The Rehoboth Museum resides in a historic building, the Old Ice House, that played a significant commercial and social role in the development of Rehoboth Beach at the end of the nineteenth century and into the twentieth century.
During the late nineteenth century, businesses and residents of Rehoboth Beach began using ice to preserve perishable foods and to cool drinks. Ice was cut from Silver Lake during winter months and stored in small, wooden buildings that were heavily insulated with sawdust. This supply of ice would usually be available from May through October. Later, ice was shipped into the city by railroad. Records show that in 1909 there were 15 small ice houses in Delaware. John A. Lingo constructed the first ice house at the location of the Museum in 1912. He used the ice to preserve meat, dairy products and other perishables in his market which was located at Baltimore Avenue at First Street and to deliver the ice to customers around town.
Through the years, the wooden building was subject to mold and rot and required extensive maintenance. In 1925 the two story brick structure, which became known as “The Old Ice House”, was built. By this time, harvesting of ice from Silver Lake had stopped but ice continued to be brought into town by train where it was stored in the Old Ice House. In 1927, the building was wired for electricity and this allowed ice manufacturing to begin. This operation ran 24 hours per day and could produce up to 14 tons of ice per day. All of the ice continued to be stored and distributed from the Old Ice House.
The business became very successful and manufacturing continued at full capacity until the late 1940’s when electric refrigerators became available and popular for businesses and residences. By the mid 1950’s the ice manufacturing business was no longer profitable and the Old Ice House was closed. Except for being used as a temporary storage facility from time to time, The Old Ice House remained vacant until it was sold for non-tax payment at a sheriff’s sale in 1978. William (Butch) McQuay bought the property for $40,000. He originally planned to raze the building and construct apartments but this plan never materialized. McQuay did add single story additions onto the structure. In 1982, he opened a liquor store in the building which he operated until his death in 1998. New owners continued to operate the liquor store business under a lease arrangement with Mcquay’s estate. When Mrs. McQuay decided to sell the property, the City of Rehoboth Beach purchased it for $385,000. The liquor store’s lease did not expire until near the end of 2002 and although the City intended to honor the terms of the leas, there was some concern about the signage on the building. This concern was amicably resolved when the operators agreed to change the name of their business from the Rehoboth Liquor sore to the Old Ice House Liquor Store.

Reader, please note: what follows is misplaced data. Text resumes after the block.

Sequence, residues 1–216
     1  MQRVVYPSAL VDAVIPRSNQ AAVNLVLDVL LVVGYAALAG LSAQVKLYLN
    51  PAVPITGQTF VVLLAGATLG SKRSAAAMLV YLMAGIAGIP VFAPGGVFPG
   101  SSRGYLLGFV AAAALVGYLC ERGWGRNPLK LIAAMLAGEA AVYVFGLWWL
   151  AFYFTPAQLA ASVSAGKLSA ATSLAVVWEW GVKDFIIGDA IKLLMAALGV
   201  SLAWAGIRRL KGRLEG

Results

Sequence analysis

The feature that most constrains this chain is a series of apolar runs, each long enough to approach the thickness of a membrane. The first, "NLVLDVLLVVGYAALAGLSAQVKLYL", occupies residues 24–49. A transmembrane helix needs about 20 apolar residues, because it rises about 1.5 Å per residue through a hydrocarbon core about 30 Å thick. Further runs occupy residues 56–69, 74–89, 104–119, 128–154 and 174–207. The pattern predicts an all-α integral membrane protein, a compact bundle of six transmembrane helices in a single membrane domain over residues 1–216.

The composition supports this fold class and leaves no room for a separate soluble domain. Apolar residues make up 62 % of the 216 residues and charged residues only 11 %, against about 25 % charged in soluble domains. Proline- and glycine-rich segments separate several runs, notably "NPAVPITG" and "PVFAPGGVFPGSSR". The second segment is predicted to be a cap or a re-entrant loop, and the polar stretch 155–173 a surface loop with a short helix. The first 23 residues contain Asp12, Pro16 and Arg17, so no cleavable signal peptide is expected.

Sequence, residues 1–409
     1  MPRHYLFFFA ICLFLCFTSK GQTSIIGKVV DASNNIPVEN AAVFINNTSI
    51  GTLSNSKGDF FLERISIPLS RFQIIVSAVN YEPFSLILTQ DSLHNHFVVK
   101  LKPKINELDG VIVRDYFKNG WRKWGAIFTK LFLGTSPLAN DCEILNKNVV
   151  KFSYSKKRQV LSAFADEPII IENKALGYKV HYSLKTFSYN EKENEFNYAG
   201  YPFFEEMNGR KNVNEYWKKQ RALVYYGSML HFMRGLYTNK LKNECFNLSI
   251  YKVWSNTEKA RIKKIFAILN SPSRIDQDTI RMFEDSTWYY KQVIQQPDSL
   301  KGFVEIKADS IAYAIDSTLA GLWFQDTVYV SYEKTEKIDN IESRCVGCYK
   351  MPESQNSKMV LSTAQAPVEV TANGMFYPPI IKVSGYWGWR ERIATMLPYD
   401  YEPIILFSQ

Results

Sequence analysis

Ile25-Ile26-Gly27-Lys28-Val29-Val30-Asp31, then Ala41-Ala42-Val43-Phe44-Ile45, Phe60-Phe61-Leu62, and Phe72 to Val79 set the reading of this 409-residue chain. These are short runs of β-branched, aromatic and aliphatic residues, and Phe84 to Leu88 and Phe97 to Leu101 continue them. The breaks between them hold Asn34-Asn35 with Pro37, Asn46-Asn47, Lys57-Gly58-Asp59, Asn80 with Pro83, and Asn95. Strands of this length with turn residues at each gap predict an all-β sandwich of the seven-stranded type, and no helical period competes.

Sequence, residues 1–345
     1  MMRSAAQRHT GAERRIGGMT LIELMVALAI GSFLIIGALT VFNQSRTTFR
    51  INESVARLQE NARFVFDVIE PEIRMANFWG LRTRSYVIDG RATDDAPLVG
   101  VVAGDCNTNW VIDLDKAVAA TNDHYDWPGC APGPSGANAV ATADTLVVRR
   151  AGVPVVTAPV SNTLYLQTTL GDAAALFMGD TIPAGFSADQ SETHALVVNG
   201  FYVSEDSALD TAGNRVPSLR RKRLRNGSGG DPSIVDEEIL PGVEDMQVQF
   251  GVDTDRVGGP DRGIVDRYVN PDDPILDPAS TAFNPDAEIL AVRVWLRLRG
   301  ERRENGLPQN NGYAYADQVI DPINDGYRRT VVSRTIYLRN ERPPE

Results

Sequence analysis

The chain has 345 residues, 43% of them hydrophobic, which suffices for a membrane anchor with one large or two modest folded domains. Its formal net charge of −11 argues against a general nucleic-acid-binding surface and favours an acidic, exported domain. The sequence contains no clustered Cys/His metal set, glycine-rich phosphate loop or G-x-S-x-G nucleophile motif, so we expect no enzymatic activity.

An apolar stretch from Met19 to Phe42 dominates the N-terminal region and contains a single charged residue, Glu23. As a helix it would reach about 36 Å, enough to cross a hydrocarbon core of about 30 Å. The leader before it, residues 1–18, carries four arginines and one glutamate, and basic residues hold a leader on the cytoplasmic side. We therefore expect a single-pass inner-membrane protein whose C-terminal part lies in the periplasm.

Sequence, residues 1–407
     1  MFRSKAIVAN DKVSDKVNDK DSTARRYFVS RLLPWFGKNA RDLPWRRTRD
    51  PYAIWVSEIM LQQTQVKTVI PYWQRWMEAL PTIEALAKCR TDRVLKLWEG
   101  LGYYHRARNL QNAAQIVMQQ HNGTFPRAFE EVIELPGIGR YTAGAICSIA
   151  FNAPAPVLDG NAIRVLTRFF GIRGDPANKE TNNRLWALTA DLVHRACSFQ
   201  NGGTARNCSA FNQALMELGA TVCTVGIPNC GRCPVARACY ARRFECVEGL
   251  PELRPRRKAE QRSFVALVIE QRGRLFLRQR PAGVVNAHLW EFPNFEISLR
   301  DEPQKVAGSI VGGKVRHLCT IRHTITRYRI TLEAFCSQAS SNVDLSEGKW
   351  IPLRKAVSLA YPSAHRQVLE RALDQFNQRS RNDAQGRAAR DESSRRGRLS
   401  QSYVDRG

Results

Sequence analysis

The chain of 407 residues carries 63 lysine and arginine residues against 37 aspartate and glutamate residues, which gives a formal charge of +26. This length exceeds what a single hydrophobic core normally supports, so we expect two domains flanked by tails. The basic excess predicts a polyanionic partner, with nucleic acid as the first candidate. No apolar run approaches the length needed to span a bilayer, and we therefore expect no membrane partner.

Almost immediately after the City became the owners of the Old Ice House, the Rehoboth Beach Historical society entered into discussions with them about establishing a museum in the building. In November 2002, the City entered into a 50 year lease agreement with the Historical Society to establish the Rehoboth Beach Museum. The terms of the lease were actually a partnership with the rent being $1.00 per year, the City paying the electric bills for the building and being responsible for the grounds.
A professional museum architectural firm was hired to design the building as we see it today. Construction actually began in June of 2006 and the Museum was opened to the public in November 2007.